Below are tidbits on sportscard & baseball bubble gum trading card collecting. |
I invite you to wander around the website for more info, prices, values & images
on vintage baseball, football, basketball, hockey, sport and non-sports card info.
Auction Regulating Agencies
My auctions offer not just baseball but also football, basketball, non-sports & comics.
Today, most auction websites, companies, auction houses and auctioneers
are very reliable.
... but ...
In case you have a problem with your auction website, company, auction house,
or auctioneer, there are agencies out there that can help you.
• National Auctioneers Association ( web: auctioneers.org )
• Better Business Bureau ( web: bbb.org )
• Some states have auctioneer's licensing boards
...check your state's website (examples: ca.gov utah.cov )
1969/1970 Transogram Statues & Figurines
Cards & Complete Boxes
Click for complete
1969 Topps Transogram Statues/Figurines & cards checklist & prices
The 1969 Transogram Statues/Figurines baseball card set has (60)
2-1/2" x 3-1/2" cards from backs of Transogram figurine boxes.
Boxes with 1 or 3 figurines/cards were sold and they were .
packed with Hall-of-Famers like Mickey Mantle, Roberto Clemente,
Willie Mays & Hank Aaron.
In honor of the 1969 World Champion New York Mets, Transogram issued
the 1970 Transogram New York Mets set of (15) figurines/cards
in the form of (5) complete boxes.
Note: You may be on that page now.
1954 Bowman Baseball
Cards Checklist & Values
TOP ROOKIES: Don Larsen, Harvey Kuenn, Frank Thomas
Competition was raging between Topps and Bowman in 1953 and 1954 leading to
problems with both companies sets. Bowman caused Topps to missing 6 cards
in 1953 with Topps getting revenge by signing Ted Williams to an exclusive
contract in 1954. Bowman then had to pull Ted Williams card #66 from their
set shortly after they started printing, replacing it with Jimmy Piersall,
who also was on card #210 making the 1954 Bowman Ted Williams #6
one of 50's scarcest cards.
Perhaps distracted by it's competition with Topps, the 1954 Bowman set was
filled with errors and variations. Nearly 20% (40/224 cards) had some sort
of variation, with some having more than 2.
The St. Louis Browns recent move to Baltimore also made things interesting.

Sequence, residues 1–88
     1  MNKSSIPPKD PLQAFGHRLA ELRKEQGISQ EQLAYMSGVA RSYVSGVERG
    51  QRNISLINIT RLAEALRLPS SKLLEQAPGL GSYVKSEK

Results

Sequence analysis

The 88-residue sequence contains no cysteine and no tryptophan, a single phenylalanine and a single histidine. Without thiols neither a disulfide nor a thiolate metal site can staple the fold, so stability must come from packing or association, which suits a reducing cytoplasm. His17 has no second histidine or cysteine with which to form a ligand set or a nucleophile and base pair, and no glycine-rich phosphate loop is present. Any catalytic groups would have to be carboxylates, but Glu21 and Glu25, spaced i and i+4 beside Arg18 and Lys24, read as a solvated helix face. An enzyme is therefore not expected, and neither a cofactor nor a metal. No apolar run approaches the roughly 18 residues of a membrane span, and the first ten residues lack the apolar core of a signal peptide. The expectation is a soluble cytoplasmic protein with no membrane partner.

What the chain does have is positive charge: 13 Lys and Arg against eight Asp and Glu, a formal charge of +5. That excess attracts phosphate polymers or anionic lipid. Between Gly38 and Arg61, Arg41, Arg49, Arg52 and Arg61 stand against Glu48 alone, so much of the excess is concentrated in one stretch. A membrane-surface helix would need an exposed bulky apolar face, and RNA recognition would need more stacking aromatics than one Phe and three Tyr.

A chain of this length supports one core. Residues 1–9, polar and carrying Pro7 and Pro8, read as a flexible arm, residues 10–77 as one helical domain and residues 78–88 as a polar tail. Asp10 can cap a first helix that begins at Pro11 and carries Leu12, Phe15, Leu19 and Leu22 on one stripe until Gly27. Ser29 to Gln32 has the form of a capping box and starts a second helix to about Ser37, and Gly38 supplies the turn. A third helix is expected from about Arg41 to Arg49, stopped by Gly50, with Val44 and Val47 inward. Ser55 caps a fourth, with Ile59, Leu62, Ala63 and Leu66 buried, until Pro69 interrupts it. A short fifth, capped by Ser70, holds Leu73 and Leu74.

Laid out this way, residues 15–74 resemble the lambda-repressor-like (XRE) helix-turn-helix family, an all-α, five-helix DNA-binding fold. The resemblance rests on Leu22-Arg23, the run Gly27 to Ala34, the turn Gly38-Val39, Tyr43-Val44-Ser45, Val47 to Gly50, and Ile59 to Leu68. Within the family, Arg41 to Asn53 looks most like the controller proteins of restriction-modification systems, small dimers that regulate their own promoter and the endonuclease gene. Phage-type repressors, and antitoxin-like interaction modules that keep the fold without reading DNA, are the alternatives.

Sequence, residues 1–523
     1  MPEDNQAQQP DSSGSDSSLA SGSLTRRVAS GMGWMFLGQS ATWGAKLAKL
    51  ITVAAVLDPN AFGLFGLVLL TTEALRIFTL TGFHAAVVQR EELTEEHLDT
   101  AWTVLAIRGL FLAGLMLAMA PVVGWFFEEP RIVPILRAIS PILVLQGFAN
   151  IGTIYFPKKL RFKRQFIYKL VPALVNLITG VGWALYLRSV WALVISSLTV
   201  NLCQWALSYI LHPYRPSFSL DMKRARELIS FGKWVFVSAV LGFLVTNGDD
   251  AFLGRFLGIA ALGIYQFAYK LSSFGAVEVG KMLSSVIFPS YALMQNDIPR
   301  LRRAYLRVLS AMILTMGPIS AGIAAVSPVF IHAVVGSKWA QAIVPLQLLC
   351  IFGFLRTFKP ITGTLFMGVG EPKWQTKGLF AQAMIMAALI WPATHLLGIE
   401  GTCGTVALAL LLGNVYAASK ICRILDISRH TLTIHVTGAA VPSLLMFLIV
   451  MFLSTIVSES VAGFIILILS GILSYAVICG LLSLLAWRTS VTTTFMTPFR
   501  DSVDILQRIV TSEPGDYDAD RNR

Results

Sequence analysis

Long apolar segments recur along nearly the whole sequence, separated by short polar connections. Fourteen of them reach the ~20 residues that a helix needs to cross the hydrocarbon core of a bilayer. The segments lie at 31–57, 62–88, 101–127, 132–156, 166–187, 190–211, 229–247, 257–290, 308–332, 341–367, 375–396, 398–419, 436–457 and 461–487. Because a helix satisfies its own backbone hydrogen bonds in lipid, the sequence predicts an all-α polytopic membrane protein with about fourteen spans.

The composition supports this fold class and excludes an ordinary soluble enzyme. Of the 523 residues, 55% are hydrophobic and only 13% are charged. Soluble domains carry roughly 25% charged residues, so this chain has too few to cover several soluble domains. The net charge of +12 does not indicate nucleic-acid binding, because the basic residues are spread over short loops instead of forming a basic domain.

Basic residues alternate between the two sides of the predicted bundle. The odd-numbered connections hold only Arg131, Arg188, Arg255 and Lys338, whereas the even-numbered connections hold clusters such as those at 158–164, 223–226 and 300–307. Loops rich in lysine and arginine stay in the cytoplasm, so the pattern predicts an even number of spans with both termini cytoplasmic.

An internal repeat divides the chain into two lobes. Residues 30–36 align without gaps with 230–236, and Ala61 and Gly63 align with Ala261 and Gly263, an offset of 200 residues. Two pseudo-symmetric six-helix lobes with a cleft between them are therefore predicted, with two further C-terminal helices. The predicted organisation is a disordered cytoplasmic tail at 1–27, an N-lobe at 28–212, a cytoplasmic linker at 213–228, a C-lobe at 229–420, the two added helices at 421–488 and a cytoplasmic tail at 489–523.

Bowman's artists had no idea what an Orioles jersey would look like -
so they just madeone up.
TOP STARS: Mickey Mantle, Willie Mays, Yogi Berra, Duke Snider,
Roy Campanella, Whitey Ford, Phil Rizzuto ...
Ted Williams is not considered part of a complete set.
Click for complete
1954 Bowman Baseball card checklist, values and prices.
Note: You may be on that page right now.
History Of O-Pee-Chee
O-Pee-Chee (OPC) based in Ontario Canada, is mostly thought of as the
Canadian version of Topps but it actually pre-dates Topps by many years.
In 1933, OPC issued their first sports card set, the V304 Hockey cards and
is currently in the tens of thousands. Their first baseball set was
issued in 1937. It was similar to the 1934 Goudeys and Batter-Ups
and the top player was Joe Dimaggio.
O-Pee-Chee created baseball card sets similar to TOpps from 1965 into the
1990's. At first OPC sets were much smaller than Topps
and included just the first few series. Fronts & backs were nearly identical
but with a small "Printed in Canada" on the back and the card stock was
Baseball being much less popular in Canada, OPC print runs of their early
years were between 1% and 10% of Topps making them exceedingly scarce !!!
Starting in 1970, Canadian legislation demanded all items produced in Canada
carry both French & English so OPC baseball cards became bilingual with both
Other OPC differences include:
1971, OPC even changed the back design to a much more
interesting back and also offered 14 different card photos not in the Topps set.
1972 OPC included a card of Gil Hodges mentioning his death that was
not a part of the Topps set.
1974 OPC did not include any "Washington Nationals" variations.
1977 the card format remained like Topps but almost 1/3 of the OPC set had
different poses/images than Topps.
In late 1970's, OPC card fronts appeared similar to Topps but sometimes
included traded information saying "Now with XXXX". They were able to do
this as the OPC cards were printed much later into the season.
© 1995-2019 "InterNet's Baseball Card Store" / Joseph Juhasz ... All Rights Reserved